It’s the military, stupid

By Cate Long
August 18, 2011

The U.S. Chamber of Commerce has published a letter to Congress’s new Joint Select Committee, aka the supercommittee, with the changes they would like to see made to the budget and tax code. The supercommittee’s brief is pretty broad; it will be looking at ways to balance the federal budget by raising taxes and/or reducing expenditures.

The Chamber, which represents business interests, strongly insists that the supercommittee slash entitlements and reform the tax code by lowering tax rates. From the Chamber letter:

The Chamber urges you to consider how the current tax laws act as an impediment to worldwide competitiveness, a deterrent to saving and investment, and an obstacle to innovation and entrepreneurship. Accordingly, the Chamber believes that the current code needs a comprehensive reform to lower overall marginal tax rates, to encourage saving and investment, to foster global competitiveness, increase capital accumulation, attract foreign investment, and drive job creation.

The problem with the Chamber’s argument about lowering tax rates to increase our global competitiveness is that the United States already has some of the lowest corporate tax rates in the western world. Here are corporate taxes as a percentage of GDP from the OECD. (Countries in dark green collect the lowest amount of taxes, countries in red collect the highest) In the Western Hemisphere only South American countries have lower corporate tax rates than the U.S.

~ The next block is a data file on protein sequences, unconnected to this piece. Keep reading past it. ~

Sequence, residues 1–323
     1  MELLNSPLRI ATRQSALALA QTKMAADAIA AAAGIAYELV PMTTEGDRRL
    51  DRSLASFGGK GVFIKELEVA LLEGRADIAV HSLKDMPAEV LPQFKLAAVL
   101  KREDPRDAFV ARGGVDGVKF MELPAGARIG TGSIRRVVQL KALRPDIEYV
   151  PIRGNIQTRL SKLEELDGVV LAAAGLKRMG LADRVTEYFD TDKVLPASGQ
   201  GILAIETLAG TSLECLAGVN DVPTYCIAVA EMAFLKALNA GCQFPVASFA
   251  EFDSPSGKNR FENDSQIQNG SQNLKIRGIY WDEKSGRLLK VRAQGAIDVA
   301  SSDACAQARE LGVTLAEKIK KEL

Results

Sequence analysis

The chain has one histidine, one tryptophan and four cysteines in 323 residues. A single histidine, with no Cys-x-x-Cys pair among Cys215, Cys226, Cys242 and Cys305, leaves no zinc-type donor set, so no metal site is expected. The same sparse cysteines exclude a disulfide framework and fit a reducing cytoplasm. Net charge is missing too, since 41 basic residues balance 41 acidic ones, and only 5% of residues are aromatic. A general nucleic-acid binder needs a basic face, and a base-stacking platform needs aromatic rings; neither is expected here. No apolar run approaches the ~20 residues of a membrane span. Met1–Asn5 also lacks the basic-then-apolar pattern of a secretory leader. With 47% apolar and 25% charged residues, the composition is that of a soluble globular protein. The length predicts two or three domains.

Taxes on corporate income as a percentage of country GDP.

The fact is that the U.S. collects a lower amount of total taxes as a percentage of GDP than most of the western world. We are clearly competitive already on the basis of tax rates. Data source: OECD.

Total taxes as a percentage of a country’s GDP

America could be much more competitive, balance the budget and reduce the national debt if we brought our military expenditures in line with our global competitors. This would result in hundreds of billions of dollars in annual savings. For some odd reason the Chamber of Commerce prefers to insist that social entitlements are the sole cause of the federal deficit. Let me just suggest to the Chamber, “It’s the military, stupid.” I’d urge the Chamber to take a more global view based on the data. It might rethink its insistence on lower taxes and slashing entitlements to be globally competitive.